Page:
American International Group contends it never forfeited its right to sue mortgage bankers that sold it virtually worthless mortgage-backed securities, and the insurer says a Federal Reserve official has made inconsistent statements to the court on the matter.
AIG is claiming that it is owed perhaps $10 billion from the banks.
AIG’s statement is contained in a March 28 filing related to its case against BankAmerica, the successor to Countrywide Financial, and Merrill Lynch in federal court in California.
The suit was filed in January in New York State Supreme Court, in Manhattan, but the case was transferred to Los Angeles in February in order to consolidate all MBS claims against Countrywide.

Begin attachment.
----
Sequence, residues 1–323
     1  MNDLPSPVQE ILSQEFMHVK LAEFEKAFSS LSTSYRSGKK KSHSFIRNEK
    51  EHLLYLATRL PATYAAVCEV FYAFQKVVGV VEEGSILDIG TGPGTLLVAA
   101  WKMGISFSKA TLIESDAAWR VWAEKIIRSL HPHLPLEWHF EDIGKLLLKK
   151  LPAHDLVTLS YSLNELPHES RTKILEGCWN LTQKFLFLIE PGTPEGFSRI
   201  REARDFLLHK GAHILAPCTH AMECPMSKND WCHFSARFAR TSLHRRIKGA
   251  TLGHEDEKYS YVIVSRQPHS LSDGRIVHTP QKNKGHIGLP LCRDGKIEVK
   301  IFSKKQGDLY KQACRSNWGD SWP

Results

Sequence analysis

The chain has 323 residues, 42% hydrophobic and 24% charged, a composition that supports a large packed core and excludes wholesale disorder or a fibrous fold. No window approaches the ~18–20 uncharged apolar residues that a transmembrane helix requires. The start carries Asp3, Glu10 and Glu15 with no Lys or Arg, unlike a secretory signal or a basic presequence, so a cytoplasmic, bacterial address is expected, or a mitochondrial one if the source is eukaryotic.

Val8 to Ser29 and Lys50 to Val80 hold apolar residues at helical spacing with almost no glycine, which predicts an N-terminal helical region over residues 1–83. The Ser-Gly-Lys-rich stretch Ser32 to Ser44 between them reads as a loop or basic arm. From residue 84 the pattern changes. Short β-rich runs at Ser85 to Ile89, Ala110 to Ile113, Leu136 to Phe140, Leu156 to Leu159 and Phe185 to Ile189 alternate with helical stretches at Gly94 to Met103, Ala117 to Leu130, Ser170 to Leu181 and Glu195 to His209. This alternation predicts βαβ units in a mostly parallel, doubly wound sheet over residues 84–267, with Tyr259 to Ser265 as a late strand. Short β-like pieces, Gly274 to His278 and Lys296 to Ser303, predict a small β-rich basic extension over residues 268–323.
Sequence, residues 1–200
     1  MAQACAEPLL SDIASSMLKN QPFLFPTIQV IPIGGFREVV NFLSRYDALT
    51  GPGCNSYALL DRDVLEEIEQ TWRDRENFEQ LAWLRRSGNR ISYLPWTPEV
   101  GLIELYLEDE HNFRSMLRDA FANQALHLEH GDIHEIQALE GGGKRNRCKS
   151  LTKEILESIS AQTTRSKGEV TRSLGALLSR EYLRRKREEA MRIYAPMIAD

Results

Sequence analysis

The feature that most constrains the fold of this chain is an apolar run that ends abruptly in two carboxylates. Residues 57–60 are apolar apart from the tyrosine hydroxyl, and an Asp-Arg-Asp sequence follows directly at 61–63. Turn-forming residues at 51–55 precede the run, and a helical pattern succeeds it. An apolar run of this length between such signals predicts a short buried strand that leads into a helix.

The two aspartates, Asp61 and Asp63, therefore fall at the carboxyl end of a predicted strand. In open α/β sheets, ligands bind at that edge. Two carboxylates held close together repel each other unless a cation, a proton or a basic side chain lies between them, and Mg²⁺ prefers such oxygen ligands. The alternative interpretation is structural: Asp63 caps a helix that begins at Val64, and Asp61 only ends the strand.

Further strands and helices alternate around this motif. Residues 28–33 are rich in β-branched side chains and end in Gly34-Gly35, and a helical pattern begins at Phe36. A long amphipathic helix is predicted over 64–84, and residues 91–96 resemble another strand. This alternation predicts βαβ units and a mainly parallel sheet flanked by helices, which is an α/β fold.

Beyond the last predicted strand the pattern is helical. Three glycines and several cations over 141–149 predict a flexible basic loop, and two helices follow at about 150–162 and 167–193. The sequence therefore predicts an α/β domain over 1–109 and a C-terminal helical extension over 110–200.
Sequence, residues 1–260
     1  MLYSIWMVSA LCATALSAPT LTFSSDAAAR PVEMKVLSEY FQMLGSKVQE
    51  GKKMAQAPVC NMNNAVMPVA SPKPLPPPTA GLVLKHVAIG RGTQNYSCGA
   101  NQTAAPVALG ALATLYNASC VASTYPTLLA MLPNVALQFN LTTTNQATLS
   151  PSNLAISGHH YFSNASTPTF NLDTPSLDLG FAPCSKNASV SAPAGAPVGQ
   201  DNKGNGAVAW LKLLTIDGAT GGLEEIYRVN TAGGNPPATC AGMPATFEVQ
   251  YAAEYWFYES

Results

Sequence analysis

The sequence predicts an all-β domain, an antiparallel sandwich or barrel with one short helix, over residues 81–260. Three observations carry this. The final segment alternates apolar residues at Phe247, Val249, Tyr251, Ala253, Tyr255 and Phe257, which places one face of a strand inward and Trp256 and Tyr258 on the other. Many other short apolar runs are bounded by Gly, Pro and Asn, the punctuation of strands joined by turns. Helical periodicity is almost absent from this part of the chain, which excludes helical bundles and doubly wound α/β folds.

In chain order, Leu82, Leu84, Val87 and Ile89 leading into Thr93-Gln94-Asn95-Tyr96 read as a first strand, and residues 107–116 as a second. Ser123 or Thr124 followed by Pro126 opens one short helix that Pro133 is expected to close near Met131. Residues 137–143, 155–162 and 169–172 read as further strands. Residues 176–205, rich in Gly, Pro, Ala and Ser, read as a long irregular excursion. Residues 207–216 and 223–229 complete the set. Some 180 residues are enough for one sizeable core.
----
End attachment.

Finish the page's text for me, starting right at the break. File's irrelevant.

AIG is at odds with the Federal Reserve Bank of New York regarding whether the insurer gave up its ability to sue the mortgage bankers when it transferred the mortgage-backed securities in question to Maiden Lane II—a facility set up by the Fed to relieve AIG of the toxic assets as part of the government assistance the insurer received beginning in 2008.
In the current court battle, AIG is arguing that the Fed had earlier allowed it to pursue the lawsuits against the banks, but later supported the banks by stating that AIG lost its ability to recoup its losses through lawsuits when it turned the securities over to the Fed via MLII.